Never worked? Here’s Your Chance to Claim Social Security Anyway | Smart Change: Personal Finance

(Maurie Backman)

Many people grumble about having to pay Social Security taxes on their income. But those taxes have a purpose: to fund the program so it’s there for you when you’re ready to retire. In addition, by making money and paying Social Security taxes on your income, you will be eligible for benefits once your time in the job market comes to an end.

But even if you’ve never worked and never paid a cent to Social Security, you may still qualify for benefits from the program. Here’s how.

Spouses receive special allowances

If you are married to someone who qualifies for social security benefits, you are generally entitled to so-called partner benefits. These have special rules that differ from the regular benefits. But all in all, they give you the opportunity to collect Social Security even if you never paid into the program in your lifetime.

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The spousal benefit you can collect will depend on what your spouse qualifies for. If your spouse is entitled to a $2,000 monthly benefit, you are eligible for a $1,000 benefit, provided you wait until you reach full retirement age to sign up.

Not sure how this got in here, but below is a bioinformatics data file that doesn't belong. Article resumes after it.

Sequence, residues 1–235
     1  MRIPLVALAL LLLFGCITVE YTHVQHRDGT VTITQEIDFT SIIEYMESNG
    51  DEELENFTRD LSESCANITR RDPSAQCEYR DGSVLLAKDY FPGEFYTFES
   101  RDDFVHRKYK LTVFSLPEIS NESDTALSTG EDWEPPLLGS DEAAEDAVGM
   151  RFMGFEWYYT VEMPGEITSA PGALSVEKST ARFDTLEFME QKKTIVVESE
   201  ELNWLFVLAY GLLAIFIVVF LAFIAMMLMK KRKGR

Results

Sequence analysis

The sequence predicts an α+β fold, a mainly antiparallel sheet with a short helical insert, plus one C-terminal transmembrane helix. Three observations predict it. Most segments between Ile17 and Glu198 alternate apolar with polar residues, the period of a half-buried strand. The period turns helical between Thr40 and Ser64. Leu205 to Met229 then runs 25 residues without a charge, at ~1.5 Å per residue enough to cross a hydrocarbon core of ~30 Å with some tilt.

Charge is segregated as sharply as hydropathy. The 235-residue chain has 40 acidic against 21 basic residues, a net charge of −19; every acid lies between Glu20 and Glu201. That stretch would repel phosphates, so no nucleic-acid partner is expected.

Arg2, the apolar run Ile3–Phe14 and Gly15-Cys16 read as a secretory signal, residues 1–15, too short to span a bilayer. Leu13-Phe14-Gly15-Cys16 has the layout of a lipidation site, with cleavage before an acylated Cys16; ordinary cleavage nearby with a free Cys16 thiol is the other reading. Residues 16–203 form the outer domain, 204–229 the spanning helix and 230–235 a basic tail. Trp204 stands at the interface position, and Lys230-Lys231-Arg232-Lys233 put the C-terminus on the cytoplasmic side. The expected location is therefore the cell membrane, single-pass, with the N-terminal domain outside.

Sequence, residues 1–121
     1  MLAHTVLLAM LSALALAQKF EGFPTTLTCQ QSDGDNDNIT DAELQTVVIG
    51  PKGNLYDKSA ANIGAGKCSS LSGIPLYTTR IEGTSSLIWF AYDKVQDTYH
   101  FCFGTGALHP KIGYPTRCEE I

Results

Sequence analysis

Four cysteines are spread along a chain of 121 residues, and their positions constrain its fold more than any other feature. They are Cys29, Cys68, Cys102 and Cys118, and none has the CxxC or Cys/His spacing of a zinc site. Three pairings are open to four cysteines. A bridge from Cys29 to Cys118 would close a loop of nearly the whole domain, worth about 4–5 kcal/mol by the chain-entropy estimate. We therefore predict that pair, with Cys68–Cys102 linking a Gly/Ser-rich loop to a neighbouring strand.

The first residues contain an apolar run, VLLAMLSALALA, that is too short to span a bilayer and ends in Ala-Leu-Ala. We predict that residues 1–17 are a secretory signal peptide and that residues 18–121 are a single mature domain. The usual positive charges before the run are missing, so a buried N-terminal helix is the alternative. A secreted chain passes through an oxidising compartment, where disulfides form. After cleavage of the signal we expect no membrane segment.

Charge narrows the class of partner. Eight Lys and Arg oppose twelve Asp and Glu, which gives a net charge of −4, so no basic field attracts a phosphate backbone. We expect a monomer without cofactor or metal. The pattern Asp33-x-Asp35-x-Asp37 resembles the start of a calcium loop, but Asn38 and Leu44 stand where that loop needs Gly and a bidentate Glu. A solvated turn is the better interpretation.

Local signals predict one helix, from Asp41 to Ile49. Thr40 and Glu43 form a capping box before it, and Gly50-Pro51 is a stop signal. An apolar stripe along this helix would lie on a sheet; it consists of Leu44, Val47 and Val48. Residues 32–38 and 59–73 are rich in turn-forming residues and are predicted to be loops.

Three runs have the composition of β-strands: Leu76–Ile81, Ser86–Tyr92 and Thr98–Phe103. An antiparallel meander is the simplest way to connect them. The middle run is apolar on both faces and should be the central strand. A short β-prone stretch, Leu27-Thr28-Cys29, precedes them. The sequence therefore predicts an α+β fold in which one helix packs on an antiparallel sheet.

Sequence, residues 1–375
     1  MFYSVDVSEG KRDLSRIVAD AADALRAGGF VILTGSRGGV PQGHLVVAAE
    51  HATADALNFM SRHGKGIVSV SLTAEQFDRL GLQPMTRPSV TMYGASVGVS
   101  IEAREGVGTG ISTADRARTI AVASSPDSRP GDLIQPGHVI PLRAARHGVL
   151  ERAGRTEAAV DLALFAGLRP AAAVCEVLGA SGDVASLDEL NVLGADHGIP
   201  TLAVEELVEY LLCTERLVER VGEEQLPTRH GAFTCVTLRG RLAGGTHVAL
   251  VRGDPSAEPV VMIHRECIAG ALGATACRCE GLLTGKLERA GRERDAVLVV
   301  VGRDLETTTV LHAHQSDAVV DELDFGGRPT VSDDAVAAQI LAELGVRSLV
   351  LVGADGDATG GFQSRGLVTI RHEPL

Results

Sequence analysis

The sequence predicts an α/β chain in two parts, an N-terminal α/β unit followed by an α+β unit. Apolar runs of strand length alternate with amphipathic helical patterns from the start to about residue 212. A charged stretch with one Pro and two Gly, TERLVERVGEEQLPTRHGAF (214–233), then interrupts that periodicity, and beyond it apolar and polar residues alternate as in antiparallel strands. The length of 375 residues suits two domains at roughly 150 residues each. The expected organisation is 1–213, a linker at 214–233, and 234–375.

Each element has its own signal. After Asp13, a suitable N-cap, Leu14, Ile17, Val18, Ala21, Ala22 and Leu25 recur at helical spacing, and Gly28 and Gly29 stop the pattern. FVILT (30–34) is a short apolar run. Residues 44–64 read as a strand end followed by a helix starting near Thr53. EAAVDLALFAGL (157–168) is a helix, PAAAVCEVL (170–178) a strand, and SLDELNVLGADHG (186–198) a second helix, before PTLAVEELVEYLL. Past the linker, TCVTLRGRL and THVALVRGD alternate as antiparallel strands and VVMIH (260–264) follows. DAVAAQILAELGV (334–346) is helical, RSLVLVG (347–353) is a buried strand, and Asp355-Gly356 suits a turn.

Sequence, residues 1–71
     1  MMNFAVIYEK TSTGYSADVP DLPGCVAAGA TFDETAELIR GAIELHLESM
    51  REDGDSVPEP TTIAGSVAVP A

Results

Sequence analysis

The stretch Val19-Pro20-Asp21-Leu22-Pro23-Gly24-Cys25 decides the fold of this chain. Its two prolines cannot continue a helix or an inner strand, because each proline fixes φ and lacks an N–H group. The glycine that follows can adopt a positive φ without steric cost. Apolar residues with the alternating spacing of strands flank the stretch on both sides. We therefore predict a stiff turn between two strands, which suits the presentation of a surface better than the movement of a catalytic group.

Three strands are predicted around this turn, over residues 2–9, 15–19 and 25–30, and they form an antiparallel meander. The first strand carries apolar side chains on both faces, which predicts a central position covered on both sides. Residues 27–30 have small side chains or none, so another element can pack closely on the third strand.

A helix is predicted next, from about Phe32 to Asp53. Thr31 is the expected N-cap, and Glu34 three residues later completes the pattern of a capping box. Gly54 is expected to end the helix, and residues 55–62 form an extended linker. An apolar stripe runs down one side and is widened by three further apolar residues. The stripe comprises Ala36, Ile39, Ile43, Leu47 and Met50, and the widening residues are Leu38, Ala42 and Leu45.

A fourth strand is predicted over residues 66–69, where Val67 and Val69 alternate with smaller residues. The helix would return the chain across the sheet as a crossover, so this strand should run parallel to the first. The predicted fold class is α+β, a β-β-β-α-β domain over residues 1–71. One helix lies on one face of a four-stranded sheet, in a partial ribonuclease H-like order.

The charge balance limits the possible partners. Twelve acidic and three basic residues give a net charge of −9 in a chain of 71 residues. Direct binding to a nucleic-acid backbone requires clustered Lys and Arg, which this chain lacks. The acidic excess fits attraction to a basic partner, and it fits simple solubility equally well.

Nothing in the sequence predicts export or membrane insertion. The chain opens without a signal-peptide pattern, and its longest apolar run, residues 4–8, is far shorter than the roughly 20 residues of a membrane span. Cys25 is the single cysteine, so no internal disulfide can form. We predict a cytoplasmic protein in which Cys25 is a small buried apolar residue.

You can’t start collecting your monthly partner’s benefit until your spouse has filed for Social Security. If your spouse decides to defer their claim, you should sit quietly.

Additionally, while deferring Social Security can increase your monthly benefits if you file based on your own income record, you can’t get a partner’s benefit by waiting to claim it after full retirement age. If you are entitled to your full spousal maintenance at the age of 67, you might as well register at that time.

Marital benefits also apply to divorced persons

One of the nice things about spousal support is that you don’t have to be married to collect it. If you have been married to someone for 10 years or more and they qualify for social security, you can claim a partner’s benefit if you are divorced. And you generally don’t have to wait for your ex-spouse to claim Social Security to get those benefits yourself.

A great option to fall back on

Spousal benefits allow people who have never worked to collect Social Security benefits after retirement. But you may still want to apply for spousal maintenance, even if you were working.

Suppose your spouse has earned a high salary during his career and therefore qualifies for a monthly Social Security benefit of $2,500. Let’s say you were a lower earner in the meantime, so the benefit you’re entitled to, based on your pay history, is $1,100. Then you can choose to receive a partner’s benefit instead of your own benefit and you will then be left with € 1,250 per month.

Just to be clear: you cannot receive a partner allowance on top of your own benefit. The Social Security Administration will not let you double dip.

It pays to delve into Social Security benefits if you’re concerned that you haven’t earned enough in your lifetime and paid enough Social Security taxes to qualify for retirement benefits. You might be surprised at how much income you can actually collect.

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